On April 30, 2004, as part of the second annual National DNA Day, dozens of researchers and staff from NHGRI visited high schools in rural and urban communities across the country to make presentations and discuss with students the exciting research taking place at NHGRI and the NIH. The U.S. Surgeon General, Richard H. Carmona, joined the participating NHGRI staff in the presentation at the George Washington Carver School in Philadelphia, PA.
As a result of an NIH meeting in November 2003 on the use of genomics to advance treatment for sickle cell disease, a Trans-NIH Sickle Cell Disease Therapies Working Group has been formed. The Working Group includes members from NHGRI, NHLBI, NINDS, NICHD, NIDDK, FIC, NCHMD, and ORD, and is co-chaired by Alan Guttmacher (NHGRI) and Greg Evans (NHLBI). A listserv is being created to facilitate communication with the sickle cell disease research community, and will include information about the following: upcoming research-related workshops and meetings, funding opportunities, new research publications, clinical trials looking for collaborators and/or subjects, and researchers looking for collaborators or pertinent advice and/or expertise.
A working group has been established to discuss the possibility of developing a large-scale U.S. longitudinal cohort for the prospective study of genetic and environmental influences on common diseases. The 13-member working group is comprised of experts in epidemiology, genetics, environmental science, ethics, public health, economics, and public policy. The group will meet at least three times this spring and summer, and in between meetings will pursue important topics using subgroups, and will also meet by conference call. The objectives of the working group are to identify possible approaches for developing a large-scale US cohort study, to explore the potential for including existing cohorts in such a study, to determine key design features, and to determine how to address community and consent issues, as well as other ELSI-related concerns. One possible model for the study was explored at a meeting in December 2003, in collaboration with NICHD, NHLBI, NIEHS, the CDC, and the EPA, where an expansion of the proposed National Children's Study to include parents and grandparents was considered. To obtain additional information relevant to the planning discussion, NIH issued a Request for Information on May 5, 2004, seeking advice on approaches to developing a large-scale U.S. study of genetics and environmental influences on common diseases. The due date for responses to the RFI is May 28, 2004.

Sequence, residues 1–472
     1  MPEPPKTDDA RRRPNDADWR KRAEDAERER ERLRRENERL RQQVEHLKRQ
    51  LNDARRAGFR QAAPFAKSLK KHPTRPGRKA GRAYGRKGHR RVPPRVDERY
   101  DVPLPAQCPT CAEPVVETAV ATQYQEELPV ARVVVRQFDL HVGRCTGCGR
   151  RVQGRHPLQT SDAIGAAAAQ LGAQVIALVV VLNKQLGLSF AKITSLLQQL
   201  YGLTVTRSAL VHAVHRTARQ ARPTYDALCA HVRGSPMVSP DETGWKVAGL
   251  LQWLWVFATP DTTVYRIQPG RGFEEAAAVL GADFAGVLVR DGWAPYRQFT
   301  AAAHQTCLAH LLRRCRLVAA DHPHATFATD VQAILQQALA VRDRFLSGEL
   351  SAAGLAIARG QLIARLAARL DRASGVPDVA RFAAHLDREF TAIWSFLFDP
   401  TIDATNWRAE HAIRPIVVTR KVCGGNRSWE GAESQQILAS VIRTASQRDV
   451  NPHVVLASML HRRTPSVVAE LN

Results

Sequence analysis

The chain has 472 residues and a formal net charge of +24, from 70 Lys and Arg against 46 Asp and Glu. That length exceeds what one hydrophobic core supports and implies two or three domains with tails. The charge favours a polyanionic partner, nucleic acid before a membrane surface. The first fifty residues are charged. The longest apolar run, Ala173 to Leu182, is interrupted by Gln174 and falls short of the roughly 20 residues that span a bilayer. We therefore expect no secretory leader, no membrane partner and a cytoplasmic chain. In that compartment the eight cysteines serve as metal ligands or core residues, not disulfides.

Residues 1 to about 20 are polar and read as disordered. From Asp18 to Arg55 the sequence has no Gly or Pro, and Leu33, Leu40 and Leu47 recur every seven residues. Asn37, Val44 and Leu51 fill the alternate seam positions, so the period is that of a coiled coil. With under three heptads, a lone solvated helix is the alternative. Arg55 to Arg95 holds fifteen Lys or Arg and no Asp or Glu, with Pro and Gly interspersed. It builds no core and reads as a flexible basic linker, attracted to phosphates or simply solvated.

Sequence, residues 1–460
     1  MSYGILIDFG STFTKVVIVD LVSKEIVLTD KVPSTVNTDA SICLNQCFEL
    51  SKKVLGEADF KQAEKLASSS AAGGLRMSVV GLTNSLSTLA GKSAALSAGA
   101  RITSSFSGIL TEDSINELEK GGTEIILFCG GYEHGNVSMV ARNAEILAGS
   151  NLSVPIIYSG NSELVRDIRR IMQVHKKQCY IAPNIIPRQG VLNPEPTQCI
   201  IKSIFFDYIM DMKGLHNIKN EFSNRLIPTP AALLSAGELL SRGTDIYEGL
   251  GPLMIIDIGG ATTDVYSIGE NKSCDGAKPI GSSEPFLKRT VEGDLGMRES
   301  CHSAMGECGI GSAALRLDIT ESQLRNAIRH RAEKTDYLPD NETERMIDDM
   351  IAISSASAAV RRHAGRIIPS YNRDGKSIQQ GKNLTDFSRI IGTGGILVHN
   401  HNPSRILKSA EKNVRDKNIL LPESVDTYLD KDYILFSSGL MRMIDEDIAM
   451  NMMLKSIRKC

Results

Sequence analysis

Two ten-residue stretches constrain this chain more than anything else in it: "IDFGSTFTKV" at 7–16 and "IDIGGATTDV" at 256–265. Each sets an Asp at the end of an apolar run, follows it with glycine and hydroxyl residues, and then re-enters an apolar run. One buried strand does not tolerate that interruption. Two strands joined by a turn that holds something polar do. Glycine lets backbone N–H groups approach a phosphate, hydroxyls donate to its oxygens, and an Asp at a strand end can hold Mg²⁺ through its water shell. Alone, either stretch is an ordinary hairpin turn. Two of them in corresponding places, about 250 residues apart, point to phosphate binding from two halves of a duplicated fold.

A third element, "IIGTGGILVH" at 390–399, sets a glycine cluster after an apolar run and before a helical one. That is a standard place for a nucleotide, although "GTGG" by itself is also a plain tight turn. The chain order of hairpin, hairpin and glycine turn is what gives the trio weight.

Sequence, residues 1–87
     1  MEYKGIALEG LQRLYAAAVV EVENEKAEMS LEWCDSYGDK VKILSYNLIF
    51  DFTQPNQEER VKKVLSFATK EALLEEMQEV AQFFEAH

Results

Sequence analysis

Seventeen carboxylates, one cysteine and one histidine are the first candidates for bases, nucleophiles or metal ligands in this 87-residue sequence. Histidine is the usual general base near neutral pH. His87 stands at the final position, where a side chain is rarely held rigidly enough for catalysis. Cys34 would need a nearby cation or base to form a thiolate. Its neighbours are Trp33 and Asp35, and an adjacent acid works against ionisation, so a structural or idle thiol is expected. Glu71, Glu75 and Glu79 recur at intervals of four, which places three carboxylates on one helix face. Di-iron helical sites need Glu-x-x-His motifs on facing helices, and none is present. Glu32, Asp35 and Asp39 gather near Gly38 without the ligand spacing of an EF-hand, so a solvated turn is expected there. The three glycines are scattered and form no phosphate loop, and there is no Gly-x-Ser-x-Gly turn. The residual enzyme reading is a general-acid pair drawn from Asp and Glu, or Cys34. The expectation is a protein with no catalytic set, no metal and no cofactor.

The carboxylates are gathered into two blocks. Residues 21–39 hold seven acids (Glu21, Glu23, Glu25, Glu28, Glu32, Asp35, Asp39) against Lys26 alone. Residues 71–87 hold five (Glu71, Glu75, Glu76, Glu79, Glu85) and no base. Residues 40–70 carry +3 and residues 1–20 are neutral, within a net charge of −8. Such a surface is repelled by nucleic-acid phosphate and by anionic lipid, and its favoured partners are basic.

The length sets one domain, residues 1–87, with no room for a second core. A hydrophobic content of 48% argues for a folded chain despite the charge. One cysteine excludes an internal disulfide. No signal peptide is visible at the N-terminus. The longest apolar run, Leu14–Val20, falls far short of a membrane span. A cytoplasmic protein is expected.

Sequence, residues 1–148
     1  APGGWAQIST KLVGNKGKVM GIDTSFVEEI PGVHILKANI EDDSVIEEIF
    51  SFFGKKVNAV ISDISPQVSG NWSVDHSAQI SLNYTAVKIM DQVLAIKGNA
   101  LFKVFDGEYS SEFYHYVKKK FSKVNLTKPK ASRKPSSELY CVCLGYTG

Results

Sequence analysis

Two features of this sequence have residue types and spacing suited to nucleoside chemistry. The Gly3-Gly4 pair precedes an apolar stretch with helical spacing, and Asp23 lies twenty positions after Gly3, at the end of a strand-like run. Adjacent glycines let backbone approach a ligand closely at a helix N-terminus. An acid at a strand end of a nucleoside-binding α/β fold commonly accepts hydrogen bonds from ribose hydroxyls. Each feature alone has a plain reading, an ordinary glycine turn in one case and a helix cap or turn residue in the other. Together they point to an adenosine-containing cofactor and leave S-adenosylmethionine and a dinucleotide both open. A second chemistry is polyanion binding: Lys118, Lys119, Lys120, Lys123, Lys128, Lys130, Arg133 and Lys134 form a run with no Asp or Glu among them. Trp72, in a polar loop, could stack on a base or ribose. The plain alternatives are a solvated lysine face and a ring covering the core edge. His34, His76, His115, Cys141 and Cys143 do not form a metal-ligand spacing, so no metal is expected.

NHGRI hosted a roundtable on race, ethnicity, and genetics on March 8-10, 2004. A group of approximately 40 leading scholars in the fields of genetics, clinical medicine, genome science, anthropology, sociology, history and law shared their expertise and provided insight into many of the complex issues surrounding race and genetics. The discussions from this small group meeting will help guide NHGRI in its endeavors to address this important societal question.
NHGRI hosted a workshop March 23, 2004, to explore the issues and potential policy options surrounding direct to consumer marketing of genetic tests.
The House and Senate Appropriations Subcommittees have passed their versions of the FY2005 budget and have been attempting to achieve a consensus in the Conference Committee, though many expect this to be impossible before October 1. . Both committees have come close to the President's FY05 budget, which includes a $28 billion or 2.6% increase for the NIH and $493 million for the NHGRI (2.8% over FY 04). At the appropriations hearings on April 21, Dr. Zerhouni highlighted six NIH accomplishments, three of which were in the area of genomics.